This past week my kids and I spent a glorious stress free vacation in sunny North Carolina visiting my sister and her family. It was stress free, but it wasn’t by any means electronic free. I really tried to unplug us, but given the options (macbook, tv, iphone, itouch, ipad2, wii), it wasn’t easy. Both of my kids as well as my sister’s kids are growing up with electronics in their every day life. We have time restrictions, but it’s a struggle for me to enforce them, especially in the summer. In some ways it amazes me how advanced and adept in anything electronic they are. My sister’s kids are younger than mine, but at two and four years old, they are still both able to navigate their Daddy’s iphone with no problems whatsoever.
“Sebastian, how come I can’t get my phone to stop flipping the screen around when I turn it sideways?” In two seconds he comes over and taps the screen a few times and it’s fixed. “There you go, Mama.” He says with a twinge of annoyance. He's 13.
In some ways, I am saddened by the fact that they have so much time with electronic stuff and so little time with nature. When we were kids, my sister and I had each other to play with, our friends on the street, and the backyard. We were free to roam and explore. We would open up the backdoor on a summer’s day, and only come in when we were hungry. My sister especially was one with nature. She was constantly fostering animals and could build things with her bare hands from any materials that she found lying around in Dad’s garage. We were also pretty amazing tree climbers, and would hang out in the branches for hours. We were pretty content with this, and didn’t have much choice about it either. Our kids today have so many choices and distractions away from this lifestyle, that to call it sensory overload would be an understatement.
One day, while sitting on the back porch of my sister’s house, we noticed her dog Jada going crazy jumping up and down by this tree next to us. After many attempts to get her to stop, we realized that she was barking at a nest of 3 blue robin eggs. We called all four of the kids over to come and have a look, and from that minute on, we were hooked. Every morning we checked on the nest. We watched the eggs hatch into birds and watched the little birds grow every day. My sister and I saw both the female and the male bird feeding the babies. (We had no idea they both did this?) One night there was a huge storm and as Emma and I lay in our bed listening to it, she asked me about the baby birds. Were they going to be ok? I told her that the Mama bird was used to these storms and would sit on her babies and protect them until the storm was over. The next day (much to my relief), the baby birds were still there safe and sound. They had grown so much in just a day that they were almost bursting out of their nest.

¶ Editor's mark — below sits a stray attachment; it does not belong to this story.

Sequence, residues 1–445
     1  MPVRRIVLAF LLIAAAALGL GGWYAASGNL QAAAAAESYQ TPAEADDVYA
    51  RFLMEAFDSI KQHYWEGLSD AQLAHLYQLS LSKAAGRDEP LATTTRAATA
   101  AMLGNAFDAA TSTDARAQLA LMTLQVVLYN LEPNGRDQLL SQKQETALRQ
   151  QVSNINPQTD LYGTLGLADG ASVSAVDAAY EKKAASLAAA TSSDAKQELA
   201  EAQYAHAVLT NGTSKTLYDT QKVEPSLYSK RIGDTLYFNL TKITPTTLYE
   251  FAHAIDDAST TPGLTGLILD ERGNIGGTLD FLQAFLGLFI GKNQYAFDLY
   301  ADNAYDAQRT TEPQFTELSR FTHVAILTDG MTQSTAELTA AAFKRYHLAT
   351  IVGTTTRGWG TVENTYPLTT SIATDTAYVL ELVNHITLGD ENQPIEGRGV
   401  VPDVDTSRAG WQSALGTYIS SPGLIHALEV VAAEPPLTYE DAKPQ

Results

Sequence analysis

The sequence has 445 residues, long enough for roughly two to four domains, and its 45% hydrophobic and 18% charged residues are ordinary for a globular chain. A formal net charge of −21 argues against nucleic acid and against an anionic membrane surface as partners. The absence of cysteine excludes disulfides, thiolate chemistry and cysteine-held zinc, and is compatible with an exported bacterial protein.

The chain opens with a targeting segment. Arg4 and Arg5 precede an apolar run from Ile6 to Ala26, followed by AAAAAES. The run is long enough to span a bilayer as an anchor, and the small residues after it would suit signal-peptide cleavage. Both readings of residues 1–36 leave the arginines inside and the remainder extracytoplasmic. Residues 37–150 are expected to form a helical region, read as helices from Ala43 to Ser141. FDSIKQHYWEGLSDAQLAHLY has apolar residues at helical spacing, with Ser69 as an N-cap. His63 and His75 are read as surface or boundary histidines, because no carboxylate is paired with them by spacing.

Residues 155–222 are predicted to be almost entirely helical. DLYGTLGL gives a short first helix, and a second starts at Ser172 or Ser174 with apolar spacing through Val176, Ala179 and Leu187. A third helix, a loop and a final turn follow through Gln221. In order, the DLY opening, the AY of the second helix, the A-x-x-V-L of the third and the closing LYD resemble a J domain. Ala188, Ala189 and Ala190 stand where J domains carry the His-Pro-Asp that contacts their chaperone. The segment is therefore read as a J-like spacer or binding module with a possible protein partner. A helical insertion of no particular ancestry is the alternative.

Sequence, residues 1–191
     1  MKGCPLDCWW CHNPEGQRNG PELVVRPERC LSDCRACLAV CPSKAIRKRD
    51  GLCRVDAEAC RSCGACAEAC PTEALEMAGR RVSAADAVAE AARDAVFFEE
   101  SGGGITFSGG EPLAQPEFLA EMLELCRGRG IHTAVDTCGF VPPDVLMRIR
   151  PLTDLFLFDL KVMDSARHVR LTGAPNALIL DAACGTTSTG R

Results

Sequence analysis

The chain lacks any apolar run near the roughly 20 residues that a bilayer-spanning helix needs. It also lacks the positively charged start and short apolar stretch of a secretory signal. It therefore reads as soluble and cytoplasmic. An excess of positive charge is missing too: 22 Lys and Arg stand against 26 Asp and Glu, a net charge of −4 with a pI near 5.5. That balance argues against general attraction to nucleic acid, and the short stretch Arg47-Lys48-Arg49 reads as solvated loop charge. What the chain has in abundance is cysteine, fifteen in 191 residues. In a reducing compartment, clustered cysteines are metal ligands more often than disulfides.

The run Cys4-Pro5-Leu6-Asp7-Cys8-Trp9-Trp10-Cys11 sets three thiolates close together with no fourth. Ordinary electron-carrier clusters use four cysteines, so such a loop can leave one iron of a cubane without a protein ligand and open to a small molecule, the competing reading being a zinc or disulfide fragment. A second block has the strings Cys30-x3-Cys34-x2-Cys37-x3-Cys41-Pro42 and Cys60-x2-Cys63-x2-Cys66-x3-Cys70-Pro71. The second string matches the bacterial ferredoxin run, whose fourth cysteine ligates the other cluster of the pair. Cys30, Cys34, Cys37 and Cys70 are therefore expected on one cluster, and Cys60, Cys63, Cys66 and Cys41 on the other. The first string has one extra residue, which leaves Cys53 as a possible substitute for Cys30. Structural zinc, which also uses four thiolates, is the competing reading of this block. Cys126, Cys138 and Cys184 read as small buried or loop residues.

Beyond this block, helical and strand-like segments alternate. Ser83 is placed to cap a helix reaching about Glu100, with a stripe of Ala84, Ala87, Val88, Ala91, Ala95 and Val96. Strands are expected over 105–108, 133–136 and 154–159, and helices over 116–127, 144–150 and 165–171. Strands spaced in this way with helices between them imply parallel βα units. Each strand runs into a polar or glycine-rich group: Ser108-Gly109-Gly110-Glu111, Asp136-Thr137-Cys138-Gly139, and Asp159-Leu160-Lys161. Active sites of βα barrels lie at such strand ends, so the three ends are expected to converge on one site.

On our last day I went out to check on the birds early in the morning and took a photo to send to Dave back in NY. I think it was so that I could also remember how amazing it was.
On our flight home I showed the picture to the kids (on my iphone) and they were both so happy. I found myself reveling in the fact that all of us were so connected to these little birds, and that our kids were fascinated with them. It made me feel more alive. Possibly this is how the kids felt, too? Emma kept saying how she just wanted to hold them and feel how fluffy they were.
I think maybe we will have to check out more hands on things this summer, and maybe she could even hold some baby chicks somewhere? You can’t really get that same feeling from an app on the ipad.